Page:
Note! This list is a work in progress and will be updated periodically.
These are what this type of weaving gets it’s name from. The cards are typically a square with rounded corners, with a hole in each corner. They can be made of many types of materials: wood, bone, old playing cards, thick paper.
This is the open space between the threads that the weft passes through. Turning the cards moves threads from the front of the shed to the back, and vice versa. The shed is the vertical part of the weav.
This is the thread that is passed back and forth through the shed. This creates the horizontal portion of the weave.
As you turn the cards, the 4 threads running through the corners of the card will twist around each other. If the band you’re weaving requires that the cards all turn in the same direction always, you will notice that the threads you haven’t woven yet will get twisted tightly around and prevent you from continuing the band. If your threads are fixed in place, then to get rid of this extra twist you can choose a suitable spot to reverse the direction you are turning the cards. Another option is to use weights in your weaving, these will hang freely as you weave. Occasionally when the twist gets too severe you can stop and manually un-twist these threads before continuing on.
S-Threading & Z-Threading
How you pass the threads through the cards will affect which direction the twist will go. If you are going from a pattern it will define which direction to go in. In the image below the band created had all of the cards threaded in the same direction… with this thicker material you can definitely see the resulting twist direction of the threads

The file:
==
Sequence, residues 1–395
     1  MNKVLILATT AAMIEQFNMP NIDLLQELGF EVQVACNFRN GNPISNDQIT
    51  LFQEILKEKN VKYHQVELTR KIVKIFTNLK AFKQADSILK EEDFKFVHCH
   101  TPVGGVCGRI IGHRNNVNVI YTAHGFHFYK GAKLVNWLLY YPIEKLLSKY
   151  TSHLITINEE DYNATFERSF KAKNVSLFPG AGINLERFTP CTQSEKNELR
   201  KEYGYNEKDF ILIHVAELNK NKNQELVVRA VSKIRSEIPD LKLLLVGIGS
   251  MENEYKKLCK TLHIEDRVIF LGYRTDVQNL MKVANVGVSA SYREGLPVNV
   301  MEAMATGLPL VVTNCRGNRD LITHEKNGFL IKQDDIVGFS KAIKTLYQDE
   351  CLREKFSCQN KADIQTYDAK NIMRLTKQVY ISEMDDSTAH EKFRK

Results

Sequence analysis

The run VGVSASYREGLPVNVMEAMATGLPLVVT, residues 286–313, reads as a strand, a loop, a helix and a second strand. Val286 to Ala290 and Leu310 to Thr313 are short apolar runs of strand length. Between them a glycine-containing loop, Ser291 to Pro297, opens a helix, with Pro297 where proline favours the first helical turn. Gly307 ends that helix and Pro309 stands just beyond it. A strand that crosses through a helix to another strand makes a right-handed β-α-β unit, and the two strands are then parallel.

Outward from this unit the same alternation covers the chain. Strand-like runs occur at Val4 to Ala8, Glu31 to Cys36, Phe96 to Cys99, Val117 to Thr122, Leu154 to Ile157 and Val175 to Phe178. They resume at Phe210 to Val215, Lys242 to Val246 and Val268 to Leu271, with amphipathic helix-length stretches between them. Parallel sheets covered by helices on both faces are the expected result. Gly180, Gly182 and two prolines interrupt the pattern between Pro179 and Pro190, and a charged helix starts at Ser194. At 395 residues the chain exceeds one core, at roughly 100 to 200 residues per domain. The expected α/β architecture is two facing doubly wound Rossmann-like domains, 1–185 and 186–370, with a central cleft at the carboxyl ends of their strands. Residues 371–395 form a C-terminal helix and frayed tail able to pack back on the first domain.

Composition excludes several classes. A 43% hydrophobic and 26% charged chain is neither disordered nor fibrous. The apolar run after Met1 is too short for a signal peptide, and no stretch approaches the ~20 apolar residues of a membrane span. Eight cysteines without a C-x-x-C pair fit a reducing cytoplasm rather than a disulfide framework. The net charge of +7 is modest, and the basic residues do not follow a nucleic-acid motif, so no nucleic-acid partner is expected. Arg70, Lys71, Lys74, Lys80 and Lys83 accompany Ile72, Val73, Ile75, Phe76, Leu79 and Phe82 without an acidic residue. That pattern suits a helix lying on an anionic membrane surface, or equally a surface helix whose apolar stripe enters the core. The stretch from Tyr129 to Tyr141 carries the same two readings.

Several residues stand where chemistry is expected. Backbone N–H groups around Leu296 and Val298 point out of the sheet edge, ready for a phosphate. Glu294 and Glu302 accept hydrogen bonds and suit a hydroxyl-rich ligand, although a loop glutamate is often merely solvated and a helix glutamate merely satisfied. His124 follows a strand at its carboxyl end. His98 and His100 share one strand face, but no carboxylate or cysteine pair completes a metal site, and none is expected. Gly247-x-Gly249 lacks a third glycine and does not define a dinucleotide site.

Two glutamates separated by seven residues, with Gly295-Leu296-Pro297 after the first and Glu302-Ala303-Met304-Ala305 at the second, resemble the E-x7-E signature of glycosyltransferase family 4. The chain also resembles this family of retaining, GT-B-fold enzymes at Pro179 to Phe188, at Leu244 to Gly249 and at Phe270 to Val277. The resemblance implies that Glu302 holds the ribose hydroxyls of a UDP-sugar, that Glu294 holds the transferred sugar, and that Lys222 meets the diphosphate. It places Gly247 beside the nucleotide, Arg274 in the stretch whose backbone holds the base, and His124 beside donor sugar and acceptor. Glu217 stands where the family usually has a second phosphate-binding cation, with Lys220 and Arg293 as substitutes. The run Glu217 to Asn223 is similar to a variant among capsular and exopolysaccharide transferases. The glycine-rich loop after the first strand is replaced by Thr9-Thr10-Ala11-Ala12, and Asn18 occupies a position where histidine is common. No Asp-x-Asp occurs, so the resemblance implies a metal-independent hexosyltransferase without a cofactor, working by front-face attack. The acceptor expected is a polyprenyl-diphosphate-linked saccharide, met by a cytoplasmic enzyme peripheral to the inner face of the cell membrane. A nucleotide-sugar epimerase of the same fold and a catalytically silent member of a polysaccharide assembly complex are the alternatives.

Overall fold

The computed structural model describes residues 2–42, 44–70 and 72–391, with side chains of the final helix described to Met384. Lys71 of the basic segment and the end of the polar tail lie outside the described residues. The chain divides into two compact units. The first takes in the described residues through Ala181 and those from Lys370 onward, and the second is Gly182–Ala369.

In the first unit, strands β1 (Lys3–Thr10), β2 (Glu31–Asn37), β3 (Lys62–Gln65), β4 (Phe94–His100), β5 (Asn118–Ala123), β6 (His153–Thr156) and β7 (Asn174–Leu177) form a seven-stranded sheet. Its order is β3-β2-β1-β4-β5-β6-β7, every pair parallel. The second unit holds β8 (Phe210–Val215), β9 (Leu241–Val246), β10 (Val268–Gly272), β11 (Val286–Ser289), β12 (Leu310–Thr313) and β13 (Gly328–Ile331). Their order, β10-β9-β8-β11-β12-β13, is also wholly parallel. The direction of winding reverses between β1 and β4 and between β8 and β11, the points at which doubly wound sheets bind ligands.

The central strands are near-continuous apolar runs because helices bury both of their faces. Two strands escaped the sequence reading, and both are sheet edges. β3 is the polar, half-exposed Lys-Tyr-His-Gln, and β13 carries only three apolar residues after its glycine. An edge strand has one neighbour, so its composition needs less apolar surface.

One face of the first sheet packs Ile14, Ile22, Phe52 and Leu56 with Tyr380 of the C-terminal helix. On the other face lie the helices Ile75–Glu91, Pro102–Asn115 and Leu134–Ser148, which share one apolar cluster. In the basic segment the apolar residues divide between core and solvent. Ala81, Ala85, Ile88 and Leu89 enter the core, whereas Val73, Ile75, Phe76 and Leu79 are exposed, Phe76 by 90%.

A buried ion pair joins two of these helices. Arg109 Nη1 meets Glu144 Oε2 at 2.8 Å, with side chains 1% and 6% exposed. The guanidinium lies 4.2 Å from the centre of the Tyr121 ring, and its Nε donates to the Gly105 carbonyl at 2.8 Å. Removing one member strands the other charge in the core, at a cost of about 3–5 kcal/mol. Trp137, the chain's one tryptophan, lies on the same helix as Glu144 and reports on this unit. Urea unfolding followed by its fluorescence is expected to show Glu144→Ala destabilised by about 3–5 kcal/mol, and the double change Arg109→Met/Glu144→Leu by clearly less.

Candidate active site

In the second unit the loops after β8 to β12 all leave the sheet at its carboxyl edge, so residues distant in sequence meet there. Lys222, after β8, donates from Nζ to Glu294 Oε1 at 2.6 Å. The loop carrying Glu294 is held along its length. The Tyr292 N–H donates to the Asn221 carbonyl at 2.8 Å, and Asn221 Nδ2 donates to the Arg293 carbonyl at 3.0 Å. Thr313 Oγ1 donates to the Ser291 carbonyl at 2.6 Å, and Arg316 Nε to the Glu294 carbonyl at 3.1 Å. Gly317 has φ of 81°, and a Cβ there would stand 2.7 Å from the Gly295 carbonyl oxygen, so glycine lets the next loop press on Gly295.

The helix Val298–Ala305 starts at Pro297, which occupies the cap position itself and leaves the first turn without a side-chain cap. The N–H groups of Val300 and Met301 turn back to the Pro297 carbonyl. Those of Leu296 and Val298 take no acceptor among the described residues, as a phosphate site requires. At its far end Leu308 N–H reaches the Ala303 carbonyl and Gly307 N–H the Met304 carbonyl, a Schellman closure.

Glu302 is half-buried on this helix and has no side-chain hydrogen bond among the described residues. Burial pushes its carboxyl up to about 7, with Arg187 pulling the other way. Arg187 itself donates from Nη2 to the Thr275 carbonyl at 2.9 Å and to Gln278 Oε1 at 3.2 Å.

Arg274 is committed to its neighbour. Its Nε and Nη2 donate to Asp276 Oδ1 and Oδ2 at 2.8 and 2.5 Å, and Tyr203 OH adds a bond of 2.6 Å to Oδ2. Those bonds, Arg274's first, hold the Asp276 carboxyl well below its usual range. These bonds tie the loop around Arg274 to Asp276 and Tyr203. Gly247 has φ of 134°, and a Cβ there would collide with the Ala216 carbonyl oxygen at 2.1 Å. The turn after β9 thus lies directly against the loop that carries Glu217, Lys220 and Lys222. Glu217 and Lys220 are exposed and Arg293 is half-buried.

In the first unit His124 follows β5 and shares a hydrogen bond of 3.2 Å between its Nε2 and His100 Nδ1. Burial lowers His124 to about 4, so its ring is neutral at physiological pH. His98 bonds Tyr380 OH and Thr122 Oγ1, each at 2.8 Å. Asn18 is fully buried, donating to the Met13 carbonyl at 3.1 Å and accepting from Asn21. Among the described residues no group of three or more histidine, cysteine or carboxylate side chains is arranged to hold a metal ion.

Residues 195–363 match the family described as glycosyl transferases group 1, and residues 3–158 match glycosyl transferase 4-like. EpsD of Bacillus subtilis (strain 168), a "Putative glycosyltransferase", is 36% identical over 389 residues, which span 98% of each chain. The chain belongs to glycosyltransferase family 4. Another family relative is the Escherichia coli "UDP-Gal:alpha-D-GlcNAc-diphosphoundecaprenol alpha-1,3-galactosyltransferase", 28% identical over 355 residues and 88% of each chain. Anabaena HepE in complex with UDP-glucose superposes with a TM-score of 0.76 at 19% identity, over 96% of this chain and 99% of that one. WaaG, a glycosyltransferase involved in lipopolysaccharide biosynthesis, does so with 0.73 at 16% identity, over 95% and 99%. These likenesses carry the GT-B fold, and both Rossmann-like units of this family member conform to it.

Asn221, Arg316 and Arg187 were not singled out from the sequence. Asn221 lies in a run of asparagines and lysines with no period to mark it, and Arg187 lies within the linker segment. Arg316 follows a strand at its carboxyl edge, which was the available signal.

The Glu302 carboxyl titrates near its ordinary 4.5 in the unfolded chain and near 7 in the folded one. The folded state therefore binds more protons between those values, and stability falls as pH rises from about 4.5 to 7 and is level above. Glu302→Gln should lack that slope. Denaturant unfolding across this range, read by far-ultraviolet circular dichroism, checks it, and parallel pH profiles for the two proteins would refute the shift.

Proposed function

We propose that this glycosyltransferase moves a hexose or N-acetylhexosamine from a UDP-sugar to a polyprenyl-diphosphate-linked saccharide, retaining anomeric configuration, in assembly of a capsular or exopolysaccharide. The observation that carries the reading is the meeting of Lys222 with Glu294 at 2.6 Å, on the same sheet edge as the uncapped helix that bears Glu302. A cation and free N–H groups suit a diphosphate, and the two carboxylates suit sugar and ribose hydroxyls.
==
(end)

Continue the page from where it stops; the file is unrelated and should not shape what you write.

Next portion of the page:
Forward Turn & Backwards Turn
As you are weaving, you will either turn the cards away from yourself, or towards yourself. Unfortuately when it comes to patterns available.. in books or on the web especially it’s a little hard to tell which direction is the appropriate one. Cards can either face to the left or right, and the numbering can go either clockwise or counter-clockwise. Due to these factors, and the threading direction (s-threaded or z-threaded) it can be tricky for a beginner to know which way to position the cards and which way to turn them. If you are trying out a new pattern and can’t seem to get it to work properly while getting started I recommend switching the direction you turn the cards and see if that helps.
There are a wide variety of looms you can use to weave your bands. The least materials intensive is likely the ‘back-strap’ method, which means basically you’re attaching one end of the weaving to yourself, and the other end to… well.. whatever you’ve got available! So far I’ve found most people prefer to use some kind of wood loom setup.. pictured below are some examples.
It is difficult to keep the threads of your weave in good tension when you’re first starting out. If you can’t keep the threads evenly taught you will end up with weird bubbles in your weave. Also found your cards will want to get tangled up with each other more often than not if the threads aren’t tight enough. I’ve found putting weights (for lighter bands around 3oz seems to be a good weight) on the ends of your threads keeps them nice and tight, but free hanging so you can un-twist the threads as necessary.
The shuttle holds the weft. The threads of the weft are wound around the shuttle to it’s easier to pass through the shed. Also, as you’re weaving you’ll likely need to “beat down” the weaving as well, to keep things tight and tidy. Ideally your shuttle will be able to perform both of those tasks.